• Credit: Arthur Giron

“There will be more senior housing communities integrated into the community rather than segregated. And older people with more leisure time will want condo packages where they can get up and go.”

—John V. Mutlow, FAIA, John V. Mutlow Architects, Los Angeles

“As gasoline approaches $100 a gallon, people will finally realize that the suburban dream is quickly coming to an end. The next great wave of housing and house design will be in the repopulation of urban centers large and small. McMansions will bankrupt their owners, as no one will want to own one. As more and more Americans move into neighborhoods where they are able to walk as opposed to drive, their health will improve. Pollution from the use of fossil fuels will decrease accordingly. The only question is, ‘Why do we have to wait?'”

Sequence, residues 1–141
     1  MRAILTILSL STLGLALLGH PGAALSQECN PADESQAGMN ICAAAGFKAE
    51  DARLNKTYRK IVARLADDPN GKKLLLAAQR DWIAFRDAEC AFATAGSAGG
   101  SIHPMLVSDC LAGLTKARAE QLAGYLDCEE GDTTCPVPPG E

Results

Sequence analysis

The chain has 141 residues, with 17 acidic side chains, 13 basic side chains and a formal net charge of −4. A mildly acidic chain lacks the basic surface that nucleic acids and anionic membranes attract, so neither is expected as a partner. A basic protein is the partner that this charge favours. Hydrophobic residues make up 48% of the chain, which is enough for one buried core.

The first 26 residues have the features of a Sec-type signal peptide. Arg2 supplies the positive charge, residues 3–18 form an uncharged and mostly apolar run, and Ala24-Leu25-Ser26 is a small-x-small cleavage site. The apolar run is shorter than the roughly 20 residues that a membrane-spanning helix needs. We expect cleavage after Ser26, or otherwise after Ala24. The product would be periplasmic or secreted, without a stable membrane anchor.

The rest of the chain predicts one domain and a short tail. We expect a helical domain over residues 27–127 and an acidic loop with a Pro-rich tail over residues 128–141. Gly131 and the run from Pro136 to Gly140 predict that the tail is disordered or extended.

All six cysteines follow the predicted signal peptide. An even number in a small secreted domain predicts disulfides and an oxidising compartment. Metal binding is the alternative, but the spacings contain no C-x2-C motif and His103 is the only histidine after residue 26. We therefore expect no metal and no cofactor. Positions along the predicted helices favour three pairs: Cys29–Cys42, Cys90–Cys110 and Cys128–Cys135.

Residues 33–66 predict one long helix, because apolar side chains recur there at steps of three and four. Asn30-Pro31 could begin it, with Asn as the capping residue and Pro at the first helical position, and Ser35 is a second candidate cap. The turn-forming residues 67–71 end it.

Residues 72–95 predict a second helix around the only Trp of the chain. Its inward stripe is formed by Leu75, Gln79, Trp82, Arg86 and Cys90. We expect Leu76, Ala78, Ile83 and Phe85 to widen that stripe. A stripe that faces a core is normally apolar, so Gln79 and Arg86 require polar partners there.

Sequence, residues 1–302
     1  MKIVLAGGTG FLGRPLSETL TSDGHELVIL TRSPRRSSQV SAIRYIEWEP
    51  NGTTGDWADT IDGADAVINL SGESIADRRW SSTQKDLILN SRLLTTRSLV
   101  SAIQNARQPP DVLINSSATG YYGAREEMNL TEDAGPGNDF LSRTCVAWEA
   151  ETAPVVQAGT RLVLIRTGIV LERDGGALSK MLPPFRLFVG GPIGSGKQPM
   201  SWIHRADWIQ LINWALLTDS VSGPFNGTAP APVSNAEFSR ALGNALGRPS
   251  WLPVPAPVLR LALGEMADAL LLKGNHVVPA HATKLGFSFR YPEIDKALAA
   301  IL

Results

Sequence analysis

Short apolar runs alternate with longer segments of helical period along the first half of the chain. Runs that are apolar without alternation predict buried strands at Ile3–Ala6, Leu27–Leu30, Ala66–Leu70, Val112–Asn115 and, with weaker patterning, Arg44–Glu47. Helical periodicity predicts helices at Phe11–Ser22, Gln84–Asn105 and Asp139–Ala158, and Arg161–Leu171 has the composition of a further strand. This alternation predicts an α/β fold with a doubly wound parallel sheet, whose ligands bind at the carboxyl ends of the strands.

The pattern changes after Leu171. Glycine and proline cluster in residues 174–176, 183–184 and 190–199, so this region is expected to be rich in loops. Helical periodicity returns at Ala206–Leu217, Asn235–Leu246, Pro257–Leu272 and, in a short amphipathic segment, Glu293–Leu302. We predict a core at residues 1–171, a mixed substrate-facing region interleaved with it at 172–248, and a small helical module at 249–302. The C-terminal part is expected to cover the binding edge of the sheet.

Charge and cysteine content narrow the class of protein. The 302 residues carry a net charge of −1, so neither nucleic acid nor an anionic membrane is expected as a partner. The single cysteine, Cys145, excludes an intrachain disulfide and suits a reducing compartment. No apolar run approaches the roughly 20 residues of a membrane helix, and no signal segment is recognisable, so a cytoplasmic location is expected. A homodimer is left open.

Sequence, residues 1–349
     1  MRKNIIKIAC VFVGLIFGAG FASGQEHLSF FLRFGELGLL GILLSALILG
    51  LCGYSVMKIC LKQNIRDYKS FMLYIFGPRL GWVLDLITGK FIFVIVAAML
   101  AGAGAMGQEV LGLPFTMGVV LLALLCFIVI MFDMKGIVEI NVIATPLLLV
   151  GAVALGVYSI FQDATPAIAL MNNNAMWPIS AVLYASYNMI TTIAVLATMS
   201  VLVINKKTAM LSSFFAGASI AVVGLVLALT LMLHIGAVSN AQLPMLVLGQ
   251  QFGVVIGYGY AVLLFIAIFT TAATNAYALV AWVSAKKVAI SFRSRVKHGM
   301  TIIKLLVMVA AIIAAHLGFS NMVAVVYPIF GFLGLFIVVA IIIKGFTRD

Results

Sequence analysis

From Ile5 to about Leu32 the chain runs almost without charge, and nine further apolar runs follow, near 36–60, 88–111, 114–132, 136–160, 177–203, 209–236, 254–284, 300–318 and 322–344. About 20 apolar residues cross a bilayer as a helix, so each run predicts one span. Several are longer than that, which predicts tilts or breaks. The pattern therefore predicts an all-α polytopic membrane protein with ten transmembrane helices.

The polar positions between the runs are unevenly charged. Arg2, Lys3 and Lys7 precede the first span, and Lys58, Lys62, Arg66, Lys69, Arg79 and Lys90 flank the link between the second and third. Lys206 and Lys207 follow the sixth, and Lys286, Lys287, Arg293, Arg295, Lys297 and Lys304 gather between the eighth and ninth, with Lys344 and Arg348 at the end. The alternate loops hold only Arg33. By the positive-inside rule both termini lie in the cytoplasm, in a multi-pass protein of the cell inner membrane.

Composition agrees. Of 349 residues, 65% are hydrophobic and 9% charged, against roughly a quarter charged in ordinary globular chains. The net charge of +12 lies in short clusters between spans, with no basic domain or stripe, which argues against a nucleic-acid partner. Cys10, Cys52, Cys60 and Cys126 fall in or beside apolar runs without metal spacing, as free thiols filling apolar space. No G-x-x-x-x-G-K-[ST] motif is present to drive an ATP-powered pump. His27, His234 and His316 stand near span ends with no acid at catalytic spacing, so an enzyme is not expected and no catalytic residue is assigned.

—Terence Riley, AIA, K/R, New York City

“We'll see a paradigm change in the way we design that balances exorbitant cost with something that's enriching and personalized. There will be more mass customization—building systems that are affordable but allow for uniqueness.”

—John Vetter, AIA, Vetter Denk Architects, Milwaukee

“We'll have to figure out how to provide affordable housing and how to make everything we do more ecologically sensitive—not just picking the right linoleum but [doing] buildings that speak to a pretty long legacy. And we'll restructure the paradigm of the single-family home. We can't keep gobbling up space and think that's OK.”

—Anne Fougeron, AIA, Fougeron Architecture, San Francisco